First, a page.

Lee County

From coal yard to county park

From coal yard to county park

LEE COUNTY, Va. - Since the late 1970s there have been strict laws surrounding reclaiming coal mining sites in the region.

There has been funding available to restore abandoned operations, but there is no money available to reclaim mining related sites that weren't involved in the actual removal of the coal.

Thanks to help from the community, the old Rand Osborne Coal Tipple Yard along the Powell River in Lee County, Virginia has now become an outdoor classroom and community park.

A passing coal train is a reminder of better days for the industry as it passes Lee County's newest park. That coal history is not forgotten at the park, which is a designed outdoor classroom.

The transition from an old coal yard to environmental learning center has taken time and innovative ways of paying for it. "It took so many years to get the funding, but we finally got it. The actual project took almost going on four years to finish," said Carol Doss with the Upper Tennessee River Roundtable.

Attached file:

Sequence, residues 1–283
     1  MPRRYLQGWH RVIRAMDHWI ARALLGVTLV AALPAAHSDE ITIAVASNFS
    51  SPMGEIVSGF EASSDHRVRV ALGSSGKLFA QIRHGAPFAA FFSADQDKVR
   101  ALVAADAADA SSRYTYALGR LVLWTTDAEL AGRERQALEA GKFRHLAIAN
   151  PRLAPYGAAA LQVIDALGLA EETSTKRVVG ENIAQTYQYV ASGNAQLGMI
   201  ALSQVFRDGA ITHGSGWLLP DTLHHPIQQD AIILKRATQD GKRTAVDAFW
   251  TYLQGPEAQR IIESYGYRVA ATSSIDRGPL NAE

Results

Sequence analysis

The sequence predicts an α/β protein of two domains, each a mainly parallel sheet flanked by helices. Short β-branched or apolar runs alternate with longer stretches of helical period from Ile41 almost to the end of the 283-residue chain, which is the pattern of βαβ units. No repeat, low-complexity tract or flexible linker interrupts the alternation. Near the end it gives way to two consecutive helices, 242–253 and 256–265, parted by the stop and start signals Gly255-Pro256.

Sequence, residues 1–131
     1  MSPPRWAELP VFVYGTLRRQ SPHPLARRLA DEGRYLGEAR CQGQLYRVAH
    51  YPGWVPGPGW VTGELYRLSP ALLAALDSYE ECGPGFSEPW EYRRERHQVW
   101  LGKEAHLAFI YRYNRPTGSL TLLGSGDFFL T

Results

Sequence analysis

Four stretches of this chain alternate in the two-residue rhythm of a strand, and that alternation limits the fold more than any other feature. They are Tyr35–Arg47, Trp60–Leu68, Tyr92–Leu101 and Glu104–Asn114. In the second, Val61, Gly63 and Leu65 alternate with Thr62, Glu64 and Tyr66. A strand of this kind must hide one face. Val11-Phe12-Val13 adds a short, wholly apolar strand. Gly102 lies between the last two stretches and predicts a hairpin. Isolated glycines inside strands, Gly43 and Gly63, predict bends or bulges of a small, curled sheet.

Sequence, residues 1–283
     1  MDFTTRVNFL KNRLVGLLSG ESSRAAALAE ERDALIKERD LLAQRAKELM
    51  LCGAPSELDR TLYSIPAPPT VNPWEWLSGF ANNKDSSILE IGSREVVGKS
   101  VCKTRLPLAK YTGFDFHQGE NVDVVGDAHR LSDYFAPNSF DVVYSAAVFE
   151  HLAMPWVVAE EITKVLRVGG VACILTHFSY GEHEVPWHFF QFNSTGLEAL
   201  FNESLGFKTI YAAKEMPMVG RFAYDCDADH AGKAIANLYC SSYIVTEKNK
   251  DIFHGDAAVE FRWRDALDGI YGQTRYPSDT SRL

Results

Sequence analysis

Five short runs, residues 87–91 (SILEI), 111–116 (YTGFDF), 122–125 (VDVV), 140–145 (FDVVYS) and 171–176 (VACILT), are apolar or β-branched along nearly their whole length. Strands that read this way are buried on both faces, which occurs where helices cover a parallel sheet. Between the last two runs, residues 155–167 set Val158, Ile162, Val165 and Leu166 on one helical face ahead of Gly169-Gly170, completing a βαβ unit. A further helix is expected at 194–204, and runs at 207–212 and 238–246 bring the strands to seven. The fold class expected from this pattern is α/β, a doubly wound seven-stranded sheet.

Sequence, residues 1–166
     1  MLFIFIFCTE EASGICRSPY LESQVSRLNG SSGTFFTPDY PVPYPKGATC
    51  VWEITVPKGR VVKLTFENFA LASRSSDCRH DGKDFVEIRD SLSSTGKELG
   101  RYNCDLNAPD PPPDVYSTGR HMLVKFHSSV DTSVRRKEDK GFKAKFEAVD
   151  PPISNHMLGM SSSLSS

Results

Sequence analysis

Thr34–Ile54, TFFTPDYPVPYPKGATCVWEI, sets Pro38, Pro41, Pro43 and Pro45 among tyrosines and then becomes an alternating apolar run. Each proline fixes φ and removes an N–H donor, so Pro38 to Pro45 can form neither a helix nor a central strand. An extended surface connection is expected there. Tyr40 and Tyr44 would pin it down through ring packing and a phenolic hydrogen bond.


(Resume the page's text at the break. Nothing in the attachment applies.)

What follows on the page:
Some of the money and help with the project came from the U.S. Fish and Wildlife Service as part of a settlement of a coal slurry spill years ago. "It was the perfect site, the site of an identified contributor of sediment to the Powell River watershed. We thought it was a good potential restoration project," Anne Condon with the service says.

Other agencies joined in since the site fell through the cracks as far as getting funds for restoration.

Once the site became available, the wheels started turning. "It's a fitting project. The Department of Mines, Minerals and Energy to look for innovative ways to reclaim abandoned mine land features without the use of the Federal Office of Surface Mining grants," Richard Davis with the department said.

The project has been a total community effort, designed so that when families visit they learn about not only their surrounding environment, but the history behind it. "We want the kids to come and study various topics, but to remember where we came from," Doss said.

There are 10 learning stations surrounding the new park.

The coal operations ceased at the site 11 years ago.

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